– Rebecca Berfanger

ABA recognizes NW Indiana law school

The American Bar Association awarded Valparaiso University School of Law a certificate of appreciation for hosting the 7th Circuit Spring Meeting at the school Feb. 19. The 7th Circuit Law Student Division of the ABA consists of the northwest Indiana school and 14 other law schools in Indiana, Illinois, and Wisconsin.

Valparaiso University School of Law student Bryan Rogers was elected as the 2011-2012 7th Circuit governor. Yjimizia Jones was awarded the Silver Key for her help planning the meeting, and Carter Alleman was awarded the Silver Key for his work as Student Bar Association president at the school.

The Silver Key is the highest award given on the circuit level of the ABA.•

– IL Staff

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  1. File under the Sociology of Hoosier Discipline ... “We will be answering the complaint in due course and defending against the commission’s allegations,” said Indianapolis attorney Don Lundberg, who’s representing Hudson in her disciplinary case. FOR THOSE WHO DO NOT KNOW ... Lundberg ran the statist attorney disciplinary machinery in Indy for decades, and is now the "go to guy" for those who can afford him .... the ultimate insider for the well-to-do and/or connected who find themselves in the crosshairs. It would appear that this former prosecutor knows how the game is played in Circle City ... and is sacrificing accordingly. See more on that here ... http://www.theindianalawyer.com/supreme-court-reprimands-attorney-for-falsifying-hours-worked/PARAMS/article/43757 Legal sociologists could have a field day here ... I wonder why such things are never studied? Is a sacrifice to the well connected former regulators a de facto bribe? Such questions, if probed, could bring about a more just world, a more equal playing field, less Stalinist governance. All of the things that our preambles tell us to value could be advanced if only sunshine reached into such dark worlds. As a great jurist once wrote: "Publicity is justly commended as a remedy for social and industrial diseases. Sunlight is said to be the best of disinfectants; electric light the most efficient policeman." Other People's Money—and How Bankers Use It (1914). Ah, but I am certifiable, according to the Indiana authorities, according to the ISC it can be read, for believing such trite things and for advancing such unwanted thoughts. As a great albeit fictional and broken resistance leaders once wrote: "I am the dead." Winston Smith Let us all be dead to the idea of maintaining a patently unjust legal order.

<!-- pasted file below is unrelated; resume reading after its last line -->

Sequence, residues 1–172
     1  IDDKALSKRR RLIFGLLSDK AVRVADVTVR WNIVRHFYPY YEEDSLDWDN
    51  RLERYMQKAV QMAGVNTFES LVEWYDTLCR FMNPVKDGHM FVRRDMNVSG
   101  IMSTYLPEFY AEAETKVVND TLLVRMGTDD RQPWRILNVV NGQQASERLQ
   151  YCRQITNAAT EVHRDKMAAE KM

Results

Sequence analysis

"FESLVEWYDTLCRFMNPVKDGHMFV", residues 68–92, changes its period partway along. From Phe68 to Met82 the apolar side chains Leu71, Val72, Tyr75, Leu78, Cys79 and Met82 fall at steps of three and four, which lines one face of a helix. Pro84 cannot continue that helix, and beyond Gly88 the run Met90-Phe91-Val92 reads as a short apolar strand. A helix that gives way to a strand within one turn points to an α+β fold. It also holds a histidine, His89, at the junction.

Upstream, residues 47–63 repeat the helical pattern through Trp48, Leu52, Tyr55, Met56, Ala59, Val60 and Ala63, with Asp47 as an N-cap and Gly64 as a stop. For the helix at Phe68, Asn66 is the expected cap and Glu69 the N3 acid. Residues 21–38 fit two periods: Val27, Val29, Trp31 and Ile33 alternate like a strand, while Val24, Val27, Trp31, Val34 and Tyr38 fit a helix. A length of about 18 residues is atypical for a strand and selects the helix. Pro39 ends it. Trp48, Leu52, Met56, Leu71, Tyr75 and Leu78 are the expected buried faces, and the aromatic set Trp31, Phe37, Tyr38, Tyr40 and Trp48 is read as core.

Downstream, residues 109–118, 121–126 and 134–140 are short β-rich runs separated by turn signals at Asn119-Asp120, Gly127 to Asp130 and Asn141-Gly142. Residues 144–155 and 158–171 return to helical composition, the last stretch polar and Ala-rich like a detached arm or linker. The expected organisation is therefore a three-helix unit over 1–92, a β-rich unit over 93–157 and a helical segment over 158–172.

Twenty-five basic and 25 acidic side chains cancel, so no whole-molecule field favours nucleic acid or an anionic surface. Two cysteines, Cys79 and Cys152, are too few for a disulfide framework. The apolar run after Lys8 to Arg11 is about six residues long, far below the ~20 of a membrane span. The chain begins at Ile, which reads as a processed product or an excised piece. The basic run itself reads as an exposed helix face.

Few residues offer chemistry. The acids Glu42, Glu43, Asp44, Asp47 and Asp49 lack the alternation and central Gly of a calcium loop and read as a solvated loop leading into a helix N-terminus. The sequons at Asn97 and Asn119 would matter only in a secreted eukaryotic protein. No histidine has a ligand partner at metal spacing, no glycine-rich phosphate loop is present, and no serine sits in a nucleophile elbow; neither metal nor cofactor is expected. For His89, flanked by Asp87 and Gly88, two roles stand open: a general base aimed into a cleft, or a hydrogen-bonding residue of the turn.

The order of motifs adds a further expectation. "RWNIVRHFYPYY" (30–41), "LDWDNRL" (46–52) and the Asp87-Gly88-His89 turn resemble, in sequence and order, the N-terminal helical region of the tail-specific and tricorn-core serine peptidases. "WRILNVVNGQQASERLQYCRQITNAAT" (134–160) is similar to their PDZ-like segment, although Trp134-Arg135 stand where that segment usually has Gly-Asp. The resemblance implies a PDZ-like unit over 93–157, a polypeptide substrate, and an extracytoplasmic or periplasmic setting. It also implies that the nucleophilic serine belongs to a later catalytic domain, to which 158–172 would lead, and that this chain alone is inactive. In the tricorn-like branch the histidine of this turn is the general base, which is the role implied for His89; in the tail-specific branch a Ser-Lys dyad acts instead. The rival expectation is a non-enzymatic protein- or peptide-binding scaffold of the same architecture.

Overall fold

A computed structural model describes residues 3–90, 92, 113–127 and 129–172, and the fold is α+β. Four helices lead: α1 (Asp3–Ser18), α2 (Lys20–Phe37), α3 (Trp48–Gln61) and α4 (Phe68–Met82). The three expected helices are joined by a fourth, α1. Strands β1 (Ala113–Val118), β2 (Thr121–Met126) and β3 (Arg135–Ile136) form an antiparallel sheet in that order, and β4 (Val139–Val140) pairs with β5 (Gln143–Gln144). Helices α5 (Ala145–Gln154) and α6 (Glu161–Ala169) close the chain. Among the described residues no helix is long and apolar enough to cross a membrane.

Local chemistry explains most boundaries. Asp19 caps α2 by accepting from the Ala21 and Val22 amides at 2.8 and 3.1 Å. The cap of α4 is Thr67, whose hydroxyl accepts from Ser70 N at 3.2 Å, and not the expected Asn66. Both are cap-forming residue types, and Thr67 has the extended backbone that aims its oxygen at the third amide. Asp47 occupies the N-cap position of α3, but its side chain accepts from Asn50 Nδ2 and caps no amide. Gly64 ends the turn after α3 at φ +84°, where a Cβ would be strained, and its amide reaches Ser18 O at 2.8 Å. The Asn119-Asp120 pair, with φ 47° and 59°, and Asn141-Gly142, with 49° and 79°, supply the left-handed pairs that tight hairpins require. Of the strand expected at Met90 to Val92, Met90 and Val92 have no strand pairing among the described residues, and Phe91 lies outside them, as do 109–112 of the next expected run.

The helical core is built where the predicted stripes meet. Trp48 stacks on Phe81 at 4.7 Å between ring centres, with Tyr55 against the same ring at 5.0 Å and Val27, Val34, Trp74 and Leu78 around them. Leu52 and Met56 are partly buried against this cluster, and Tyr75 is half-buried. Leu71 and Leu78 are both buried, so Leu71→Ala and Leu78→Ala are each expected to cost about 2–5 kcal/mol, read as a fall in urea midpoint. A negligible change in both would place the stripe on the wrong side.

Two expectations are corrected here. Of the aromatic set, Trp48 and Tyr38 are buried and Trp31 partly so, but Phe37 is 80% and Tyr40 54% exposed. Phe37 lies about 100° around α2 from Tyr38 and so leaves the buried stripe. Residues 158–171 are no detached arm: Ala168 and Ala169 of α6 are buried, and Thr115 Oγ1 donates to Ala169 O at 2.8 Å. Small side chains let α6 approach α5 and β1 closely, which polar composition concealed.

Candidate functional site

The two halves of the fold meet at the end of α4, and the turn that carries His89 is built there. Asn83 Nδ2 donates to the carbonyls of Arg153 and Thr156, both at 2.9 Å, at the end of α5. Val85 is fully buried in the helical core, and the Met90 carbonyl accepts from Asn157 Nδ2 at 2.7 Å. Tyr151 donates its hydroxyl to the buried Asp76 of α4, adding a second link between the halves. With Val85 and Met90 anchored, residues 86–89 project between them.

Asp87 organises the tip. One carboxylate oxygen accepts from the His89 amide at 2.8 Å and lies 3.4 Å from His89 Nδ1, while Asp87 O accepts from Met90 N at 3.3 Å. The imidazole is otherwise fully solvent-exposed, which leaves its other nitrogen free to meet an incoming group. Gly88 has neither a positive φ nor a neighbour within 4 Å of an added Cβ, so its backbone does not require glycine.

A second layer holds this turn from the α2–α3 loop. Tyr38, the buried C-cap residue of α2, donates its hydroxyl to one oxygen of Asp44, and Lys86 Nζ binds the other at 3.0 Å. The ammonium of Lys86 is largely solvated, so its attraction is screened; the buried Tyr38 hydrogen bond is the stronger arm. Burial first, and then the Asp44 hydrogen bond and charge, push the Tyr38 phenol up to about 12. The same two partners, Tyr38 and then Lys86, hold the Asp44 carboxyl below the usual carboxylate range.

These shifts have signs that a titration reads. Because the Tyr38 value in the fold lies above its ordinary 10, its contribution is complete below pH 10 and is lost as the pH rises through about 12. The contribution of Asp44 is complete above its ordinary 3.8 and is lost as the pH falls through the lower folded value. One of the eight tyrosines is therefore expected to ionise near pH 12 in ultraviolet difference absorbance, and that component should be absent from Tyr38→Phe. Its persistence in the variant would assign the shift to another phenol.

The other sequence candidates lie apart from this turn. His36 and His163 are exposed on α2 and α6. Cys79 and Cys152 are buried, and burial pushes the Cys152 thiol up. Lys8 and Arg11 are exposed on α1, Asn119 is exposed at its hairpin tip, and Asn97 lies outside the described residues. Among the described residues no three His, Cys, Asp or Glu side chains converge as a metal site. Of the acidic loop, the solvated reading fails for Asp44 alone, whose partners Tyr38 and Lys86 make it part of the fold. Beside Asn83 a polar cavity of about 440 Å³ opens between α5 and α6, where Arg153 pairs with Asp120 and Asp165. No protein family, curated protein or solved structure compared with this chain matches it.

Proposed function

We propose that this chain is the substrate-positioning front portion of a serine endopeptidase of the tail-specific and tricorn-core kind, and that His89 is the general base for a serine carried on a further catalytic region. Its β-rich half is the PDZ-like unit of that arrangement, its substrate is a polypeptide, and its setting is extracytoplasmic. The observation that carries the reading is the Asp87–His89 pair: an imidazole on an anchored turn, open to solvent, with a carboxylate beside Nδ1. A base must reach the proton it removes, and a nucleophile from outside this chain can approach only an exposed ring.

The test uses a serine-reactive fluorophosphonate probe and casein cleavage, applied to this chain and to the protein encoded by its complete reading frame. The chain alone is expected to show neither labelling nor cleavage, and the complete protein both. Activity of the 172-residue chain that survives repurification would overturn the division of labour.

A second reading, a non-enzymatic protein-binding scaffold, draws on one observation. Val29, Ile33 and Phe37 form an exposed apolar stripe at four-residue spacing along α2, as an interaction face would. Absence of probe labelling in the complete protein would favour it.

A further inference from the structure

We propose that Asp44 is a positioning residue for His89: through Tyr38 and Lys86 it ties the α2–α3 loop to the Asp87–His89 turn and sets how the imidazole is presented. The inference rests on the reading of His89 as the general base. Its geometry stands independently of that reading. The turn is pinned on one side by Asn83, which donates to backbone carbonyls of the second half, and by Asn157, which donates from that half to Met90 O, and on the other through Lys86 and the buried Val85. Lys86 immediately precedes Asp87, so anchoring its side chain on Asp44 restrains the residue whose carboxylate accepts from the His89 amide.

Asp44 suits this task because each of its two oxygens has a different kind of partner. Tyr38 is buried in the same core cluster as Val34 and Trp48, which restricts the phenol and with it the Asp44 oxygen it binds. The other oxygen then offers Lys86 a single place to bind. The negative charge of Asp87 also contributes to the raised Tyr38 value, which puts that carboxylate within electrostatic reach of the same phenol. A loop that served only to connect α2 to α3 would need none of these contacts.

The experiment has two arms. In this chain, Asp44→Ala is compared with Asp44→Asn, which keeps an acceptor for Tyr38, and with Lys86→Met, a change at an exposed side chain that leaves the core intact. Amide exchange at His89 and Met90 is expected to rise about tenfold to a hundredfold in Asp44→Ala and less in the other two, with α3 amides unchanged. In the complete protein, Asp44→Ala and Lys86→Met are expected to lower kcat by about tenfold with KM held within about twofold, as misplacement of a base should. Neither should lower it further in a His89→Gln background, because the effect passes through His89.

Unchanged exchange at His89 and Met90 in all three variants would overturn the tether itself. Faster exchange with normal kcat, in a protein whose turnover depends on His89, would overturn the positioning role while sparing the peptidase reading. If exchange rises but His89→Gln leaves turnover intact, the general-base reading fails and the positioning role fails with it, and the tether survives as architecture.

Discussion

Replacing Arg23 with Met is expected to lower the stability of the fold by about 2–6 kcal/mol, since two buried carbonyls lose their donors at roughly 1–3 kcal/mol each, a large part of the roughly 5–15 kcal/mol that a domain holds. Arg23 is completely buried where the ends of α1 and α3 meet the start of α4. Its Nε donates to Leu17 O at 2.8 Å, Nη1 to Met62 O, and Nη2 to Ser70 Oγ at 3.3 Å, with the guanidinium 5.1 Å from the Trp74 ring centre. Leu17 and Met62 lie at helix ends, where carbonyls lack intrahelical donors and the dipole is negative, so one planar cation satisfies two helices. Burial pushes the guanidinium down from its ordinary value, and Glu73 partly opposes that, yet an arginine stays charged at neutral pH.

2. The Department of Education still has over $100 million of ITT Education Services money in the form of $100+ million Letters of Credit. That money was supposed to be used by The DOE to help students. The DOE did nothing to help students. The DOE essentially stole the money from ITT Tech and still has the money. The trustee should be going after the DOE to get the money back for people who are owed that money, including shareholders.

  3. Do you know who the sponsor of the last-minute amendment was?

  4. Law firms of over 50 don't deliver good value, thats what this survey really tells you. Anybody that has seen what they bill for compared to what they deliver knows that already, however.

  5. As one of the many consumers affected by this breach, I found my bank data had been lifted and used to buy over $200 of various merchandise in New York. I did a pretty good job of tracing the purchases to stores around a college campus just from the info on my bank statement. Hm. Mr. Hill, I would like my $200 back! It doesn't belong to the state, in my opinion. Give it back to the consumers affected. I had to freeze my credit and take out data protection, order a new debit card and wait until it arrived. I deserve something for my trouble!